Successfully graduated all
HEP students from Year 12
Retain more than 60& of
100% graduation rate
- 100% retention HEP
students after 1st year - 60% retention rate overall
HEP Participats are on par academically with mainstream students within 18-24 months of starting
Term report and grades
On par within 18-24 months of starting with HEP
milestones despite personal challenges, some student achievements in other areas were also outstanding.
completion rate for the program observed over the past four years.
Tanay Ropeyarn from Injinoo has excelled at sports having represented Cathedral College in competitions in England, Ireland and Scotland, and was a school Prefect and Boarders Captain. Kym Kepple who attends Cathedral College in Townsville had her school assignment book review published in the local ‘Townsville Bulletin’, and Issac Rockeby who attends Marist College Ashgrove is the third fastest sprinter in Queensland over 100 and 200 meters. He was also offered a place in the National Trails. Jimilla Dix from Weipa was featured in Brisbane’s ‘Courier Mail’ newspaper and interviewed on local radio about her achievement in fashion design. Jimilla was also selected as the Boarders Girls Captain of Saint Peters Lutheran College.
The following relating to some of the three year goals, key performance indicators and measures indicates the outcomes based on the Review conducted by Social Ventures Australia in 2008. Although HEP was not able to implement all of the recommendations in the review, due to organisational and staff changes these recommendations have not been crucial to the function and progress of the program to date and we plan to implement them in 2010. This will enhance our ability to manage the expected increase in student numbers in accordance with the funding agreement with IYLP.
The success of the program is its holistic approach focusing on the relationships we have with students, While family related issues clearly dominate student their families, communities, schools, sponsors and withdrawals, in particular a lack of family support other stakeholders, and the well being of our students causing a disruptive inﬂuence over a child’s schooling, through individual case management of both their this is consistent with an average of 20 percent non academic and personal needs.
Higher Expectations Program – Tertiary The Higher Expectations Program – Tertiary (HEP T) targets talented Cape York Indigenous people with the highest achievement and leadership potential, and provides them with long-term support to undertake a successful tertiary career. The program aims to maximise the participants’ opportunities for educational achievement, career development and effective leadership within their communities. There is no age limit to participate in the program subject to a case-by-case assessment of applicants. HEP T not only offers practical material assistance through scholarships, but it also strengthens students’ academic, social and emotional capacities. The program builds individual capabilities for leadership, problem-solving and collaborative networking. Participants receive a combination of holistic case management, leadership training and professional mentoring. The program places strong family support and community identity at its core, and upholds each participants return contribution to their homeland of Cape York at the heart of its operations. The Review conducted by Social Ventures Australia in 2008 stated that, ‘The program’s unique valueadd in comparison to other general Indigenous scholarship programs is that it focuses on leadership development as part of its program activities. It also provides greater ﬂexibility due to the no age limit and TAFE eligibility, which results in a more diverse set of participants’.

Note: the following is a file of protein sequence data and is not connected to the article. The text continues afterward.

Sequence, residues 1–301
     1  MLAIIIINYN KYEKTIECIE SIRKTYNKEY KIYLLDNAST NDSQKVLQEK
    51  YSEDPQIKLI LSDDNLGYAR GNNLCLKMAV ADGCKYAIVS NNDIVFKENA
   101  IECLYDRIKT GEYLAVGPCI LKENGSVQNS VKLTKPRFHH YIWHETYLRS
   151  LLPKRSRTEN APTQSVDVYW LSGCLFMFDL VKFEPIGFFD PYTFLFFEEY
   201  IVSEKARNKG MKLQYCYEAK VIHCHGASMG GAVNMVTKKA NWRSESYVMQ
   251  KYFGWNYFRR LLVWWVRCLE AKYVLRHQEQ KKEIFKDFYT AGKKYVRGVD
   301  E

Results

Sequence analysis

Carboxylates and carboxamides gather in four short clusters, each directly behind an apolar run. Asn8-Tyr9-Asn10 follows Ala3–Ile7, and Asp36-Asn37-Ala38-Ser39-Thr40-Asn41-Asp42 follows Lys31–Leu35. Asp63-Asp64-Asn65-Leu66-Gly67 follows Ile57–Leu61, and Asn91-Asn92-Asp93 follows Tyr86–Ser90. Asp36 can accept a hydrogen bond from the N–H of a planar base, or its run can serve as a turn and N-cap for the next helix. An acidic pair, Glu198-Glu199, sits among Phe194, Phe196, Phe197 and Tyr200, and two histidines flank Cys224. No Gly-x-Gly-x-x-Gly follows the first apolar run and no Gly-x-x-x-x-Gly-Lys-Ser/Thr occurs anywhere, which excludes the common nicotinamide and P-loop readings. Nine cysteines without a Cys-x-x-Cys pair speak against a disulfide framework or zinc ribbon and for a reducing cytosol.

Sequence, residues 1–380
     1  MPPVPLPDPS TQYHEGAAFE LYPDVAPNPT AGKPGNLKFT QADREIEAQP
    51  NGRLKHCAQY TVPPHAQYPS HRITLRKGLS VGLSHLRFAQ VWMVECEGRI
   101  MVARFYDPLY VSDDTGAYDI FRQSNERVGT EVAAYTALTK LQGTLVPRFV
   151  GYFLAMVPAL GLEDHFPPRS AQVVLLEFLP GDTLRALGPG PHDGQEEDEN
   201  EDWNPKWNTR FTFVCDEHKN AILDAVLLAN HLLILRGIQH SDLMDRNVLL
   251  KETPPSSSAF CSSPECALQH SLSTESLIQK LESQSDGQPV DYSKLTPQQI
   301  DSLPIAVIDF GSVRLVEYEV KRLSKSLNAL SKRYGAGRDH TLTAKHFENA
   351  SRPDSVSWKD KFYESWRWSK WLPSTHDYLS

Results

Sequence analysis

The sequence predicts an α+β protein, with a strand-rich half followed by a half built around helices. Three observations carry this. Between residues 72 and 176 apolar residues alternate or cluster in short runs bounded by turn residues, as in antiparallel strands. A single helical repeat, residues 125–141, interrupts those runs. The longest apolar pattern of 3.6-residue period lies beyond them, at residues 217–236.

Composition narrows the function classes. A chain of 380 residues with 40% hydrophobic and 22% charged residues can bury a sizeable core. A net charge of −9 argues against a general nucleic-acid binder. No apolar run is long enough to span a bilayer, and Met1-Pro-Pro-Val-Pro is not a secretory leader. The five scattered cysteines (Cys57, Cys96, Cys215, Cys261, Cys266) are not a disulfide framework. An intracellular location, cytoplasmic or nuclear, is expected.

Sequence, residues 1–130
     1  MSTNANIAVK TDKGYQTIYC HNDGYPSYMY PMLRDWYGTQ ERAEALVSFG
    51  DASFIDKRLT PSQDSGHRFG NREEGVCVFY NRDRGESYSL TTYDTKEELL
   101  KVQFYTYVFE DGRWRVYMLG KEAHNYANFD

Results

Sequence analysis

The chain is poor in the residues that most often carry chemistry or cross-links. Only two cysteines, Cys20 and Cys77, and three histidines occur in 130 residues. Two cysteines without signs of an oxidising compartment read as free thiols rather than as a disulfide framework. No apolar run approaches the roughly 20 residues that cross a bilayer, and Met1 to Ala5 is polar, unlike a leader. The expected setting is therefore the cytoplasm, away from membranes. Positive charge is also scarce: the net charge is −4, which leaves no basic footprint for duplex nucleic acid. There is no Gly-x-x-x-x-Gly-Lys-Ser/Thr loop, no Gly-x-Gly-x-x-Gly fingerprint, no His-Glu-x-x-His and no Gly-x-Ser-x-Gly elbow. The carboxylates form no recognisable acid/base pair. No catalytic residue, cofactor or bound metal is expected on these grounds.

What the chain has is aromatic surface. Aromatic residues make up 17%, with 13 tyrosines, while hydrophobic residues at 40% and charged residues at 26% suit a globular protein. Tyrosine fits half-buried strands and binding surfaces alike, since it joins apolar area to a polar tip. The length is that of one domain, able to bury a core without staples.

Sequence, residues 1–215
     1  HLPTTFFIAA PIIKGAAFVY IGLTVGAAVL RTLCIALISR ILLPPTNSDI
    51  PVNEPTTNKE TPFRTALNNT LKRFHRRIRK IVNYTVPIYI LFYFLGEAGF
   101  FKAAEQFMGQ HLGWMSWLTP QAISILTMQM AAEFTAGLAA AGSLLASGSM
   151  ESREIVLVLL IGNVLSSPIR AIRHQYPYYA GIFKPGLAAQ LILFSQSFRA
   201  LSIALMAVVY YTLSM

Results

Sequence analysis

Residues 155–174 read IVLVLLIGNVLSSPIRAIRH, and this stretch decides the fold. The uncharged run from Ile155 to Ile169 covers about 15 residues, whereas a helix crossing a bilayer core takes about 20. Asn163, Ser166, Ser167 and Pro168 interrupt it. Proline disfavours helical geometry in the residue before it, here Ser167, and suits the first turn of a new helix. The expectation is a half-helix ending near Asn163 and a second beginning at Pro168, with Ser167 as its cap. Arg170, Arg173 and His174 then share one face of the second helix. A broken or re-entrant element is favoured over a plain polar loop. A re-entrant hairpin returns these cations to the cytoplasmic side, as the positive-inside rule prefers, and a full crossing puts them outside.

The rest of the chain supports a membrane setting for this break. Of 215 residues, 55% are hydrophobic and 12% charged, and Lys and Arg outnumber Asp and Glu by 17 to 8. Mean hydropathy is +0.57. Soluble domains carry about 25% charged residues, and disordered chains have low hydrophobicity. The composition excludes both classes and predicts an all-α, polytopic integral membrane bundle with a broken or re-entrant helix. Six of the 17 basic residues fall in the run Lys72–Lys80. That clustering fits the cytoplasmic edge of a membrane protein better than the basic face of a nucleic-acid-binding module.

reduction in students withdrawals linked mainly to family and personal issues. The table below indicates the number of students between 2006 and 2009 across a number of categories. The Review noted that HEP T’s current Apparent Retention Rate of >90% is a phenomenal result compared to the national average of 64.4% for Indigenous students enrolled in higher education as stated in the 2005 National Report to Parliament on Indigenous Education and Training produced by the Department of Education, Employment and Workplace Relations. The 30 students from 11 communities registered in 2009 were studying at campuses in Brisbane, Cairns, Townsville, Sydney and Melbourne. Four students have graduated in the area of Fine Arts, Film production, Nutrition and Massage Therapy, and Education. Many of the students were also actively engaged in community projects, and a range of career development and volunteer activities including environmental conservation, human rights campaigns, art and cultural activities, Well-being programs, and sport and recreation.
Marijke Bassani from Coen who graduated from the HEP Secondary program in 2007 is now studying for a Bachelor of Law and Arts at Grifﬁth University. In 2008 she was recruited as a cadet with Gadens The program had a period of instability after it was ﬁrst Lawyers in Brisbane and participated in the Model launched in 2005 but since then has had a signiﬁcant United Nations Embracing Global Citizenship